OEMs and Primes are becoming more and more aware of the impacts that their own processes and behaviours are having on their supply chains. Through root cause analysis many have been surprised to discover that issues that they thought originated from their suppliers, were only symptoms of inadequate processes or management within their own organisations. For example, a major high volume, luxury car manufacturer needing to diversify into lower volume, specialist components for customised models saw the need to develop a new portfolio of suppliers. Many of these would be highly specialist and very low volume, often drawn from aero and motorsport industries.
It was soon apparent that their standard supplier assessment criteria were not inappropriate, as all the prospective specialist suppliers were being disqualified. The reason for rejection was the lack of adherence to mass production systems even though their own systems were considered to be entirely fit for purpose. Another issue was the need to overcome the culture and change the behaviours of their assessment teams who were more familiar with mass production and subsequently lacked the flexibility and assessment capabilities to make balanced judgements. In this instance, Unipart was asked to develop and embed a new team of supplier development engineers. The new team reviewed existing assessments and support processes and then modified them to suit lower volume, specialist suppliers without compromising the high demands of quality, cost and delivery. This was achieved and fully handed over to the OEM once the new system and processes where proven to be effective and sustainable.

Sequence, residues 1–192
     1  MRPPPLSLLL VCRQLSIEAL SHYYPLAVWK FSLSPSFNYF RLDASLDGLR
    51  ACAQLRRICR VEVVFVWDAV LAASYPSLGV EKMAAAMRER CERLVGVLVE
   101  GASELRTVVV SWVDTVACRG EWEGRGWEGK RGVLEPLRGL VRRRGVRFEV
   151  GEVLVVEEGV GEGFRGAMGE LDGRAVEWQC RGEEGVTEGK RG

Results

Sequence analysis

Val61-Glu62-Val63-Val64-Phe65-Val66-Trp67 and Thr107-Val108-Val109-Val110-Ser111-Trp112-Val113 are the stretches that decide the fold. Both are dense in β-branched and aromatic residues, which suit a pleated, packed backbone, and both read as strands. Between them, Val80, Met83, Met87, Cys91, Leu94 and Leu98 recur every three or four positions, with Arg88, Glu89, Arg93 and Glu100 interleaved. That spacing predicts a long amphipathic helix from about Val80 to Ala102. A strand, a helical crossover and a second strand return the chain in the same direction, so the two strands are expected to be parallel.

Product and Process Development
Of critical importance in any manufactured product, is the design and development stage prior to the start of production. During this pre-production phase original design intent is evaluated and prototype parts are used to validate the parts and processes for approval and sign off.
Achieving the original design intent and confirming the reliability, repeatability and capability of processes is critical during this phase, but it is often not well managed - with limited collaboration between critical partners. This results in delays to the start of production, or the carrying of temporary approvals into the production process, thus jeopardising quality, cost and delivery.
There are now many examples of OEMs seeking to develop standards and controls during this phase and taking a more collaborative approach. Unipart has recently assisted a major, high volume automotive OEM to introduce systems that ensured all pre-production trials were representative of the conditions required for the start of production. This ensured timely development and approval. A key component of the process was to create a regular schedule of formal reviews and workshops, involving all key partners including engineering, purchasing, supplier technical assistance, supplier quality, logistics and, of course, the supplier themselves. By harnessing the collective knowledge and managing subsequent actions and improvements, this ensured timely approval of parts and processes to the required quality and cost.
Have you experienced similar challenges? Can you add further insight from your industry? If you are facing similar challenges to those above then we would be happy to discuss these with you.